Once Telok’s intentions are revealed he also starts his attack on the ship. Teleporting a bunch of the crystal warriors on board to take control. This leads to some pretty cool battles with the Cadians attempting to hold off the attackers while also dealing with the bureaucracy of the mechanicus. The whole story is a race against time for Kotov which adds plenty of tension to the plot. If he can’t succeed in his goals quickly enough then Telok will take over the Speranza and destroy the Imperium. Not to mention that the planet of Exnihilo is literally starting to tear itself apart during the second half of the story since Telok has no use for it anymore.
I don’t want to say much more about the plot since I don’t want to ruin it, but it’s a pretty satisfying end to the trilogy. There are plenty of really cool moments scattered throughout and every major character gets their story arc tied up more or less. I would say that Gods of Mars is a resounding success as the finale to the series. The fact that I can remember pretty much all of the character’s names with such a large cast speaks volumes to how well they were all written. They really stuck with me and I was invested in each and every one of them. Graham leaves a few loose ends in the epilogue hinting at possibly some future stories for a few of the characters. Now that he is working full time for Riot Games in Los Angeles I don’t know if we will ever see these threads fleshed out, except for in a random short story perhaps. What time he has left for writing fiction for GW probably is better spent with the Heresy or newer ideas. Graham, if you are reading this I would love to see a few of these threads touched on again, even if it’s just in one of those 10 page digital shorts.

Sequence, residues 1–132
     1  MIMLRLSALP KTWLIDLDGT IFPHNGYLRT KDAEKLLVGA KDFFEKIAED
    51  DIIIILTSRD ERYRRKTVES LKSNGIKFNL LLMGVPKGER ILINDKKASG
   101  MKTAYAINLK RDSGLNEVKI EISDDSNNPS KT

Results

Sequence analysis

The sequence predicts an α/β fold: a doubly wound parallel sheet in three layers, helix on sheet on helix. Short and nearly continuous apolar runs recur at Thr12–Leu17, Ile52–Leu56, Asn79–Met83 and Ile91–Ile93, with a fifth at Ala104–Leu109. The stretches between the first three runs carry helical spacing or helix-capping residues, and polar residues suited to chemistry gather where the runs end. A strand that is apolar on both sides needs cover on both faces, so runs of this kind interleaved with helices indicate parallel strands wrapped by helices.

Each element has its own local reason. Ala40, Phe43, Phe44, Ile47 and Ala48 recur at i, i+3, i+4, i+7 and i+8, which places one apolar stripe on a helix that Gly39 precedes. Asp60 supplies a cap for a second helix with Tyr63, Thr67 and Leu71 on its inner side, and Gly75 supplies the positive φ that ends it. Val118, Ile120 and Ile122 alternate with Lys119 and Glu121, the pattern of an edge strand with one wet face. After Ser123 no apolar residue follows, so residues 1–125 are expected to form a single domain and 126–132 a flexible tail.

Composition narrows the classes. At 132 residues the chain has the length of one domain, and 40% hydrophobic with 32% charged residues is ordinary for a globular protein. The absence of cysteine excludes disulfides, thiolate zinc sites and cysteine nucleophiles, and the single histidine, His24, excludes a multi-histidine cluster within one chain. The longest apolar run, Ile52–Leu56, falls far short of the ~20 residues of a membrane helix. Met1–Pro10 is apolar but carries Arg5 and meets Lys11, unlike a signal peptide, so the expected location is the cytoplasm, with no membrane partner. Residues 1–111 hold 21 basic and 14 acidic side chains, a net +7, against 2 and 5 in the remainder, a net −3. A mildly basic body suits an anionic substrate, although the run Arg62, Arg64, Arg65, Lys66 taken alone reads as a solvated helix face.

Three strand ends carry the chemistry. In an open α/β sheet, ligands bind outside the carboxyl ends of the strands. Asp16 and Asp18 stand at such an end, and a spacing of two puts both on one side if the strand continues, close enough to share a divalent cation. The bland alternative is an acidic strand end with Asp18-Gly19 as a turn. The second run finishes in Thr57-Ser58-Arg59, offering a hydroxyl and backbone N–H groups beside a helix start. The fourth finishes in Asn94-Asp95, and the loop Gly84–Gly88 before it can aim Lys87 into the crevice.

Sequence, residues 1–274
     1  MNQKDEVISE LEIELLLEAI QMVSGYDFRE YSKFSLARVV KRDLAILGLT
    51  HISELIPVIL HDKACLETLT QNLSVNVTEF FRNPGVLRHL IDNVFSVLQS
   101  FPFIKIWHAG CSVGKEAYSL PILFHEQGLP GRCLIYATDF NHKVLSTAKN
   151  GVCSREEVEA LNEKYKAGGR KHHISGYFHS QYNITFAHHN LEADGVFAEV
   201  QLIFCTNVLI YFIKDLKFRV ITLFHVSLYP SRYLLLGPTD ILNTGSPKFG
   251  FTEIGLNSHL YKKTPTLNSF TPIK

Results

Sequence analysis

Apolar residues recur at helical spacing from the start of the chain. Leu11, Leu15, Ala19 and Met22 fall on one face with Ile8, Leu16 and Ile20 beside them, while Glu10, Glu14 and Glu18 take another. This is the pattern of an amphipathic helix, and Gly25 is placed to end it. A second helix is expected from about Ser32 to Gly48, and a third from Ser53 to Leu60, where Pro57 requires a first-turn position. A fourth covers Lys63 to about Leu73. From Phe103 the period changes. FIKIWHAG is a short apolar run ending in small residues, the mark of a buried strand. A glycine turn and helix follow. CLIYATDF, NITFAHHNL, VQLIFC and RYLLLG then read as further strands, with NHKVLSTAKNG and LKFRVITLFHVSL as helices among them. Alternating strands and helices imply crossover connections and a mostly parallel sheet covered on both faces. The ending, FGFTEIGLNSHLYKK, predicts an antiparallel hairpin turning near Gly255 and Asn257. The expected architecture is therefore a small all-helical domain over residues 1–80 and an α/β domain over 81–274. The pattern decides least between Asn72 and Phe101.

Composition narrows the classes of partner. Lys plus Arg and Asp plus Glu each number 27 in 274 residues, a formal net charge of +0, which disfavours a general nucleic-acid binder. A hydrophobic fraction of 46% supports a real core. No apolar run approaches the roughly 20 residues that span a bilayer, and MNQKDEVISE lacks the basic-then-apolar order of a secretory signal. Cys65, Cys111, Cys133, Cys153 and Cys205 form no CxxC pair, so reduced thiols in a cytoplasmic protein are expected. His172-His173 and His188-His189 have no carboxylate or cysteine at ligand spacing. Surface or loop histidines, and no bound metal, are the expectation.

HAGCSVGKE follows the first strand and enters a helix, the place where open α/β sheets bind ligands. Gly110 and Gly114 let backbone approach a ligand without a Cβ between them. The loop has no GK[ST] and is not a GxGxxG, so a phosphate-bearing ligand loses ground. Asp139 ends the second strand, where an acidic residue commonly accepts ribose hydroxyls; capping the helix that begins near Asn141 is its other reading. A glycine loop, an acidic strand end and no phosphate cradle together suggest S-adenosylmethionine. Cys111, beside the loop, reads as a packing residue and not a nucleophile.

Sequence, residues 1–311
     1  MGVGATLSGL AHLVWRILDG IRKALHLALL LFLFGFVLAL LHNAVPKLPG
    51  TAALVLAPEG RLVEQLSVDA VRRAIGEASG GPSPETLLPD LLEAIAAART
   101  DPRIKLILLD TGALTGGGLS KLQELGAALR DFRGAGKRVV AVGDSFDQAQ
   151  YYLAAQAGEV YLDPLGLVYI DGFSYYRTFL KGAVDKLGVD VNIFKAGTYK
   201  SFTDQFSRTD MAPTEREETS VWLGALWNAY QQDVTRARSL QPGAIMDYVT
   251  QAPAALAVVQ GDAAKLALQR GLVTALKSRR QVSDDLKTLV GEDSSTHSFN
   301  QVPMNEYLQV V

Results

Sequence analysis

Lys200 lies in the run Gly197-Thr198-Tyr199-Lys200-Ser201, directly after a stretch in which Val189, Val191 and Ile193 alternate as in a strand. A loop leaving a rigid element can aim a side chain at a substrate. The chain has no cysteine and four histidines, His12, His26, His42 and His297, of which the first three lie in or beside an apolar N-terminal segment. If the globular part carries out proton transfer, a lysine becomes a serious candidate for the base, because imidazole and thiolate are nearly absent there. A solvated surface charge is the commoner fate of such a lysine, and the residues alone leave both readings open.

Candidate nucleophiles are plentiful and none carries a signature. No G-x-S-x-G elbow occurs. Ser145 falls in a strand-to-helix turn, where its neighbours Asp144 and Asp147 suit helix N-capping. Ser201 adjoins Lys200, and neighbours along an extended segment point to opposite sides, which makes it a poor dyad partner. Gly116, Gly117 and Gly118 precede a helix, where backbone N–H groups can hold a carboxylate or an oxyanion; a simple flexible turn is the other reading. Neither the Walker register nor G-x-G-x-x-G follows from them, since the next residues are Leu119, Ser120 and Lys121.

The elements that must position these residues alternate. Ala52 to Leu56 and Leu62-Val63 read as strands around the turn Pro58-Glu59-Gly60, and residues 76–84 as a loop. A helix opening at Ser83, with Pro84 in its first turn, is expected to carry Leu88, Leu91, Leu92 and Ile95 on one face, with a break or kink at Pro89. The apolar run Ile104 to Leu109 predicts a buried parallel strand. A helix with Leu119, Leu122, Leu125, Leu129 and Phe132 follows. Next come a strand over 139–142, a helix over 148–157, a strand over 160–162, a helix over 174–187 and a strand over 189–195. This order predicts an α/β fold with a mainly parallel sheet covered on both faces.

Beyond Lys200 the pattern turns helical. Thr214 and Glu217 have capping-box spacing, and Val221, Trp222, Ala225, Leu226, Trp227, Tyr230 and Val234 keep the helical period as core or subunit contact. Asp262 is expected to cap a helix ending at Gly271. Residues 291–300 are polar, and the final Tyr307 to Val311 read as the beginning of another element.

Final Score – 4.5/5
Final Score for the trilogy – 5/5
Until next time,
Tyler is a life long painter and hobbyist and took home his first Golden Demon award at the 2012 Chicago Games Day with a follow up at the 2013 North American Games Day. More of his work can be found at his blog, Mengel Miniatures.